The Munro publishing establishment consists of two large connected buildings, one of them new, thoroughly provided with the means to the most economical and rapid production of hooks. His employees are well paid and always prompt and cheerful to undertake an exceptionally big job, as that of producing the New Testament for example.

Mr. Munro) is a man who is much beloved. He is courteous and gentle, diligent and sagacious in business, as the above account indicates, and able consequently to maintain very considerable charities, as well as to live in the enjoyment of the comforts and elegancies of life, and to enlarge the scope of his business as opportunity serves. He adheres to the faith in which he was educated, and is a devout member of the church under the pastoral charge of the eminent Dr. John Hall.

New York Times, Feb. 5, 1894, page 1: DEATH OF NORMAN L. MUNRO; OPERATION FOR APPENDICITIS RESULTED FATALLY. His Wife and Daughter by His Side When He Expired at the Hoffman House -- His Eleven-Year-Old Son is at Dobbs Ferry, Recovering from the Same Kind of an Operation -- Busy Life of the Well-Known Publisher and Yacht Owner.

Norman L. Munro, the millionaire publisher and owner of famous steam yachts, died at the Hoffman House at 6:30 o’clock last evening. His death resulted from an operation for appendicitis. / By a strange coincidence, Mr. Munro’s only son, Henry, eleven years old, is just recovering from an operation of the same kind that caused the death of his father. The son is at school at Dobbs Ferry, and last Monday Dr. Robert Abbé of 11 West fiftieth Street, performed an operation and removed the vermiform appendix. / Mr. Munro was taken ill Tuesday. Appendicitis was found to be his ailment, and Friday his physicians, Dr. Abbé and Dr. Weir of the New-York Hospital, decided that the possibility of saving his life lay in the operation to remove the vermiform appendix. This was performed that same day. / Drs. Dunham, Cushman, and Pease were in constant attendance, and Drs. Abbé and Weir, who performed the operation, made several visits. / Mrs. Munro had been with her son at Dobbs Ferry since his illness began until she was summoned to this city by the serious illness of her husband. Mrs. Munro and her daughter Norma, who is attending school in Tarrytown; James A. Blanchard, Mr. Munro’s counsel, and Drs. Cushman, Dunham, and Pease were with Mr. Munro when he died. George Munro, his brother, had been with him since his condition became serious, but had been called away a few hours before the end.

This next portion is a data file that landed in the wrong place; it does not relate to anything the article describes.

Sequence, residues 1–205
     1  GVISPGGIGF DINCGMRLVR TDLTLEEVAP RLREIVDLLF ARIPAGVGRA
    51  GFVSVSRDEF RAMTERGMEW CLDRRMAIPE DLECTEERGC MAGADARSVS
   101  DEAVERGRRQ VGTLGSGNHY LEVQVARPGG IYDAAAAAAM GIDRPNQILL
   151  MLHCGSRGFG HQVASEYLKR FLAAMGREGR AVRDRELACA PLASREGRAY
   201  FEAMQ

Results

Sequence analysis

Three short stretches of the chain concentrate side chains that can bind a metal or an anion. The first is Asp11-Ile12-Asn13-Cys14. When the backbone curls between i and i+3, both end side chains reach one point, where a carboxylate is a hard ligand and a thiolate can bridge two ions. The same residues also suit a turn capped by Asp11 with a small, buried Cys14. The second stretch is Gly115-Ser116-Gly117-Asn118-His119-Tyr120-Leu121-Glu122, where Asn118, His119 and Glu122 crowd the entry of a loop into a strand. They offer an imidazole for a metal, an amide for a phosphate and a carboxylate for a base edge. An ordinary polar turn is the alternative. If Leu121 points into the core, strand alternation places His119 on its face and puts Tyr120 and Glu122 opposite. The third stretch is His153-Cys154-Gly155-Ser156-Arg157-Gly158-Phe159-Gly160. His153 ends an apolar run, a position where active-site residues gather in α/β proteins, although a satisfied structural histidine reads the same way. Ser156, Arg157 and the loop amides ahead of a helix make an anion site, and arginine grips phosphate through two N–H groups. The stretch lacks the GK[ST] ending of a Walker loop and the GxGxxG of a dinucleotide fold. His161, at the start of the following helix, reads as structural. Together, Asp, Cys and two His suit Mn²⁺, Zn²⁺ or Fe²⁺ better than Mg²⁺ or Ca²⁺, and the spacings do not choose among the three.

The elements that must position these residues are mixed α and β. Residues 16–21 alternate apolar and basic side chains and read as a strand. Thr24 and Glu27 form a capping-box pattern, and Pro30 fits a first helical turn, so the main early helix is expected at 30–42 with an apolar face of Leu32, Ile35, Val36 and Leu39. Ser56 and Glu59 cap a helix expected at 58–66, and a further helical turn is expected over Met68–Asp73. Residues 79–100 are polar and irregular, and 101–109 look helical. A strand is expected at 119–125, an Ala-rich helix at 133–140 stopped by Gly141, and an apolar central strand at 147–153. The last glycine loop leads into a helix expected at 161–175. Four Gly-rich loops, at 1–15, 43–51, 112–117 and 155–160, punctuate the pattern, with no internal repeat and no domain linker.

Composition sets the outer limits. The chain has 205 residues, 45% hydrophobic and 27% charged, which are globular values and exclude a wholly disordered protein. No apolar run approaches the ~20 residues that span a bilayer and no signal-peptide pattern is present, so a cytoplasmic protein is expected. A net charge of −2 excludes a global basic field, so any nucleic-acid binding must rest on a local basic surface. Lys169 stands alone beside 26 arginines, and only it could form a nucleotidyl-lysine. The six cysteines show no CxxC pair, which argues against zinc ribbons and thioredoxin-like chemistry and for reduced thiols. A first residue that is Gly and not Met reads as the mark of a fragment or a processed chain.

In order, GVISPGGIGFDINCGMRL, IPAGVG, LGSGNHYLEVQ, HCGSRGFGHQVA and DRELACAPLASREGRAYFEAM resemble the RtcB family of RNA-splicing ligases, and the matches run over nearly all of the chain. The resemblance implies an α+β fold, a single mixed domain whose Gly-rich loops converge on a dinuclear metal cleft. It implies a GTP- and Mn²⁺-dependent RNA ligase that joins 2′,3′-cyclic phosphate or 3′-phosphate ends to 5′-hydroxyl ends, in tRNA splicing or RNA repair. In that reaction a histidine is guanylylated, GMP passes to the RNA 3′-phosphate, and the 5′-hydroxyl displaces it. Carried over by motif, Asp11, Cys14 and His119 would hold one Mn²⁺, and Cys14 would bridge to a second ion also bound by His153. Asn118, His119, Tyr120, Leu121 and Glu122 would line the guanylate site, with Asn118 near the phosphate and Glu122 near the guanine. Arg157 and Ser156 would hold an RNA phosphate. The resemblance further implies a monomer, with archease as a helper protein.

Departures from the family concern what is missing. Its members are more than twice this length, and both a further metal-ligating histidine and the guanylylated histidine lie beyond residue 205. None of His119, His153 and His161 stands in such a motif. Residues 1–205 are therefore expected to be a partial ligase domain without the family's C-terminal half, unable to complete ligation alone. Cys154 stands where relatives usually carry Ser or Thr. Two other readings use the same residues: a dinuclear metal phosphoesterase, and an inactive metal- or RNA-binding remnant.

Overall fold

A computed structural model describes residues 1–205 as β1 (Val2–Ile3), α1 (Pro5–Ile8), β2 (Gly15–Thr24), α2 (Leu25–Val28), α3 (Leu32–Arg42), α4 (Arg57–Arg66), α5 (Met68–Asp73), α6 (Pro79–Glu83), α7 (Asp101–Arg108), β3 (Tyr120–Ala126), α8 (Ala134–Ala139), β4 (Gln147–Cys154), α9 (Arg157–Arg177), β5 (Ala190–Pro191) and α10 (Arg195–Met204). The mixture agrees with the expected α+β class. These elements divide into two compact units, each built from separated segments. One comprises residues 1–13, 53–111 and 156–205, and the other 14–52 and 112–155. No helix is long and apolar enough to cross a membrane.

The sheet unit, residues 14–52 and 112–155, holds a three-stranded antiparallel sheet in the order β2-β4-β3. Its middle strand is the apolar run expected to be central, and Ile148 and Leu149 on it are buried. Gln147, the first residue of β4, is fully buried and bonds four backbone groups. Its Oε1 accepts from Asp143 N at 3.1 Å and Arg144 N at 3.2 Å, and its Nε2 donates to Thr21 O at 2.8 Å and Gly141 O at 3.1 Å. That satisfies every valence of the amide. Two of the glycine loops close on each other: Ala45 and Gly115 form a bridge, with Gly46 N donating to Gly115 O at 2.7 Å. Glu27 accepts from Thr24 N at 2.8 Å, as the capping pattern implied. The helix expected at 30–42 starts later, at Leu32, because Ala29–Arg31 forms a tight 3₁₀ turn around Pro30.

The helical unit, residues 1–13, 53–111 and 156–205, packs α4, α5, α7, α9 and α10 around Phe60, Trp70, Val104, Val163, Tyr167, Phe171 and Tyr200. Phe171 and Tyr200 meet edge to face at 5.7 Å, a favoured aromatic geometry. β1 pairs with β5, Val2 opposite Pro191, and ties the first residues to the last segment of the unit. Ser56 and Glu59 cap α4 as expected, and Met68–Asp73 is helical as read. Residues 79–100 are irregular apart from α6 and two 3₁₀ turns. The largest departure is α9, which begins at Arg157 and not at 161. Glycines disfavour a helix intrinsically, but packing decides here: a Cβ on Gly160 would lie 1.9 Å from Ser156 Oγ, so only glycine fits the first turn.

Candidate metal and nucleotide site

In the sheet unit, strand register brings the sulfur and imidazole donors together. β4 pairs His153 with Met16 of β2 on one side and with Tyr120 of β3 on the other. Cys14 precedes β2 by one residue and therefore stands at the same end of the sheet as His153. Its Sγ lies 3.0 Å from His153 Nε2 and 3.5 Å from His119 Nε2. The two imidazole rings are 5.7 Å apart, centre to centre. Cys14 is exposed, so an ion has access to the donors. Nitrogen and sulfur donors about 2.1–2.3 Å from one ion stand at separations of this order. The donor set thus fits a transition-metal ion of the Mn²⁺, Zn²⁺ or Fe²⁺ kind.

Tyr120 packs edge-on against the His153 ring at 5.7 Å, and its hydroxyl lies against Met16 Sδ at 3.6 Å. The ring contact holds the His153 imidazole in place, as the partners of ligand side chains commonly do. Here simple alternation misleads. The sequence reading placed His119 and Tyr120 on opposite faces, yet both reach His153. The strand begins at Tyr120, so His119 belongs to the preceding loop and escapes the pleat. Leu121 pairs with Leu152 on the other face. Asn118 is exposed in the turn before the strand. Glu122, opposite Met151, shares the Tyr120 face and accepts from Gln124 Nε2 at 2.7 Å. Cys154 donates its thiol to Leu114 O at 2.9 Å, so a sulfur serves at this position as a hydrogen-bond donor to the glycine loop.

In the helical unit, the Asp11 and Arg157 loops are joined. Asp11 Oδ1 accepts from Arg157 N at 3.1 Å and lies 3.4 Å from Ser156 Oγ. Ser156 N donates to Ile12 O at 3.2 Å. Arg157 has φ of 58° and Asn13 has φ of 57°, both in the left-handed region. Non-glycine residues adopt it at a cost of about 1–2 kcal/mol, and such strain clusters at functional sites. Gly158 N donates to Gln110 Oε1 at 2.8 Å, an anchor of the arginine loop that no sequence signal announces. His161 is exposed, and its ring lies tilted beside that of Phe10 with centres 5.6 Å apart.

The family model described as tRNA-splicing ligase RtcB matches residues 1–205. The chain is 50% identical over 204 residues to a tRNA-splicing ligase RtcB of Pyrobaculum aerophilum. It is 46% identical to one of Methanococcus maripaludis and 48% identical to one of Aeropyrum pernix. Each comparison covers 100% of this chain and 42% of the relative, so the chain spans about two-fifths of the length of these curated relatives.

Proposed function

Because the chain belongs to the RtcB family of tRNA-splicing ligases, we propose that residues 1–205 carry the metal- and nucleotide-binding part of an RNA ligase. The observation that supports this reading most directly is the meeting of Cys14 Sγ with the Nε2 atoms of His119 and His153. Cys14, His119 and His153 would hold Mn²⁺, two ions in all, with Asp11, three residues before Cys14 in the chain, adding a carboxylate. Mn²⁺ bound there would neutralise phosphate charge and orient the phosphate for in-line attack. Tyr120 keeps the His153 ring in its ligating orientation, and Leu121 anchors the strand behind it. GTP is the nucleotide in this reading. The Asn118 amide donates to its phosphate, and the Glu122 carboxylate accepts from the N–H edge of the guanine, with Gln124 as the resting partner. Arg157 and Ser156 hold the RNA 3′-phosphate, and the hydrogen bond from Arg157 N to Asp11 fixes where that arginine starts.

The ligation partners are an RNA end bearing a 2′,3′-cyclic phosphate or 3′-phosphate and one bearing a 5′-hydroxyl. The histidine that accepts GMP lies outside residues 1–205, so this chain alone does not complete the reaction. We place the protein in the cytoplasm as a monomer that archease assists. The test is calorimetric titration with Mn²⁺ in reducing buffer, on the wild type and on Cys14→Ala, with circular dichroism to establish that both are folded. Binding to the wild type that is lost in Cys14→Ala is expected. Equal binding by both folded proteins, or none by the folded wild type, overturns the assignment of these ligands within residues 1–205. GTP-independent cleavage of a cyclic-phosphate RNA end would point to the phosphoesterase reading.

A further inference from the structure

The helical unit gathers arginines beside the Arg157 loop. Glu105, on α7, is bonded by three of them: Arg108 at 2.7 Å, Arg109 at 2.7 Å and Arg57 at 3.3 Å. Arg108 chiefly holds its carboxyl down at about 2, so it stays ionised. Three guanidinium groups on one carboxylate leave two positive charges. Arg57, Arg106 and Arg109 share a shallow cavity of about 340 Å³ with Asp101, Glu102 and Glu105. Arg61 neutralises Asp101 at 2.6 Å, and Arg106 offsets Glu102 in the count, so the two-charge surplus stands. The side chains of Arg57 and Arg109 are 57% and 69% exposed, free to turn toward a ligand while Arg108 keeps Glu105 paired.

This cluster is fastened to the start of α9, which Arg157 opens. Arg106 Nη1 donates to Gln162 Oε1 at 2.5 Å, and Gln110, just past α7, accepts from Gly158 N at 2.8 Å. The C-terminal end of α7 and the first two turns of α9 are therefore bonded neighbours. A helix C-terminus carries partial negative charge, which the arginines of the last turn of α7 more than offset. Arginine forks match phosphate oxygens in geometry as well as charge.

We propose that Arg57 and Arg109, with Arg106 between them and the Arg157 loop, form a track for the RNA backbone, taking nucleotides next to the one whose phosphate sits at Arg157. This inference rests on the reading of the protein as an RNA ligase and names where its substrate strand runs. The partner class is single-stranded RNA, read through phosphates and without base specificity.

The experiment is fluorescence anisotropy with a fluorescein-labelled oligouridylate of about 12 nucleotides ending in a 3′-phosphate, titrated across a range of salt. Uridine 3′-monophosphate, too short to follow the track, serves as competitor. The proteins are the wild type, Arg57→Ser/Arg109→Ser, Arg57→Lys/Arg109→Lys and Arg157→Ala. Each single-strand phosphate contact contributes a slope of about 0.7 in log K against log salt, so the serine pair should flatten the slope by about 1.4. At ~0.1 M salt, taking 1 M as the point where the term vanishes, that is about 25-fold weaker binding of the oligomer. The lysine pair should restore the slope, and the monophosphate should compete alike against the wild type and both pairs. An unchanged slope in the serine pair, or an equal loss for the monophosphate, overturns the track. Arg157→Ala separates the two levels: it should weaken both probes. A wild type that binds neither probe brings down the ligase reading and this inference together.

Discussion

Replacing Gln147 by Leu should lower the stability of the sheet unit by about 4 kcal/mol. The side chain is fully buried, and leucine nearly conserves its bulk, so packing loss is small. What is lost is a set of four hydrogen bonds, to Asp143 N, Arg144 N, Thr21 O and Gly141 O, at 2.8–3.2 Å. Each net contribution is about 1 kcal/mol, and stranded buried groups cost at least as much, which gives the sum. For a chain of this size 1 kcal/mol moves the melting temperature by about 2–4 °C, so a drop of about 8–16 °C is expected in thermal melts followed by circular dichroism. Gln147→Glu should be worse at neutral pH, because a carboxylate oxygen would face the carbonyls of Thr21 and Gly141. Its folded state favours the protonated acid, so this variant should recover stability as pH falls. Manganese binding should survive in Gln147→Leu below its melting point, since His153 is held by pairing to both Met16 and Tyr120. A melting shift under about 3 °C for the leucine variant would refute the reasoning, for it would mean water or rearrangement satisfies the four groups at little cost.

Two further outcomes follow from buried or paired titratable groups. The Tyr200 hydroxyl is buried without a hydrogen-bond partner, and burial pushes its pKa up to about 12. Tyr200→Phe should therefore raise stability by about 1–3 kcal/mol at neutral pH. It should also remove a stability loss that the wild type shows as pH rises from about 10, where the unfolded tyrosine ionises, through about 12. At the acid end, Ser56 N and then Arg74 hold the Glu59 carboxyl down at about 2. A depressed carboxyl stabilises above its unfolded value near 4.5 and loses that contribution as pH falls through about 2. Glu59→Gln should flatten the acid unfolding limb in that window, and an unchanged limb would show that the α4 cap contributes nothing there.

Mr. Munro formerly lived in West Fifty-seventh Street, but he sold his city home last Spring, and his home at Long Branch was kept open this Winter. Very recently he was confined to his house for two months by an attack of rheumatism. He had been at the Hoffman House several days, when he was attacked by his last illness. His lawyer, Mr. Blanchard, said last night that he had been to dinner with Mr. Munro only a week ago, and that he had never seen him looking better in his life. Mrs. Munro was at Long Branch when the news of the illness of her son at Dobbs Ferry called her away. / George Munro reached the Hoffman House soon after his brother’s death, as did also Dr. Abbé, who had been on a visit to Mr. Munro’s son, and reported that his chances for recovery were good. / The arrangements for the funeral were not completed last night.